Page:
At the port's Vista Field airport in Kennewick, the major project for next year is a $370,000 renovation of the fixed-base operator building that houses the Tri-City Visitor and Convention Bureau. The renovations will increase the space available for the bureau, as well as add a new conference room for use by the bureau and airport users, he said.

The port has also included $500,000 in its plan for potential development in West Richland, where it owns about 12 acres at the Red Mountain Center, a 321-acre parcel where development has been proposed.

Port of Pasco

The Port of Pasco's 2006 budget calls for $5.8 million in operations expenses, up about 4 percent from 2005, and up to $8.9 million in capital projects, including a whopping $5 million for an intermodal railroad project at its Big Pasco industrial area.

The port plans to bring in between $1 million and $1.35 million in tax revenues, depending on the value assigned to new construction within the district, said Jim Toomey, port executive director -- in line with what the port will collect this year.

The port also expects to collect $5.88 million in operating revenues from rentals and fees at its Tri-Cities Airport and other properties, he said. If all the port's high-priority capital project are completed next year, the port would expect to end the year with reserves of about $1.5 million, said Linda O'Brien, port finance and administrative director.

As for capital projects, "What we're seeing next year is continuing our big focuses from last year," Toomey said.

One of the largest projects contemplated for next year is the Big Pasco intermodal project. The multiphase project would include extending a spur rail line to allow Burlington Northern Santa Fe trains to load at Big Pasco warehouses without blocking the company's main line through Pasco, as well as improving railroad access for the port's Big Pasco tenants.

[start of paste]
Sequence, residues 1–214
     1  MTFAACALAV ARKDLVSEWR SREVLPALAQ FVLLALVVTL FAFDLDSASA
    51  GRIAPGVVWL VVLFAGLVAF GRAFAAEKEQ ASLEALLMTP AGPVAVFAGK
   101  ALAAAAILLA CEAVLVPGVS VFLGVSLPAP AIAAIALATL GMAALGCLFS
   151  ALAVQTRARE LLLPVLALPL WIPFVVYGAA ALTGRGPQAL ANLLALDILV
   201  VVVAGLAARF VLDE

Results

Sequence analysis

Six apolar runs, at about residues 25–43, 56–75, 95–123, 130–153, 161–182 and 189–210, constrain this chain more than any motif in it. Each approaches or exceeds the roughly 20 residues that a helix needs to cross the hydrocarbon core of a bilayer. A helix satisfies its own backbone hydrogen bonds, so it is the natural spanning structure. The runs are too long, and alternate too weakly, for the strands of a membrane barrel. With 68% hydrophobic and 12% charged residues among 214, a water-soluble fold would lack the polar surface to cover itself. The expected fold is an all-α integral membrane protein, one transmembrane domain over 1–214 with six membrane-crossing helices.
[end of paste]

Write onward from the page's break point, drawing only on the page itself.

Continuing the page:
"The funding is there" for the project, Toomey said, and the port is about half-done with design. But rising costs for steel and other construction materials could set limits on how much the port can accomplish next year.

The port is also planning to spend about $1 million at what it calls its "attraction area" at the northern entrance to Big Pasco, to install infrastructure and possibly build a building if a tenant emerges interested in jump-starting light industrial and commercial development in the area.

Another $100,000 is budgeted for planning and beginning to clear land along Big Pasco's waterfront, where the port envisions high-end commercial, light industrial and mixed use development.

Another $470,000 is planned to replace the port's aging maintenance building.

Then there's the constant need to maintain Big Pasco's World War II-era warehouses, adding up to about $1.27 million.

At Tri-Cities Airport, terminal restroom upgrades, building renovations and other projects are expected to cost about $670,000. And a plan to extend Industrial Way in its Pasco Processing Center is expected to cost about $190,000.

Jeff St. John, Herald staff writer
Tri-City Ports Pass Optimistic Budgets
Tri-City Herald, December 18, 2005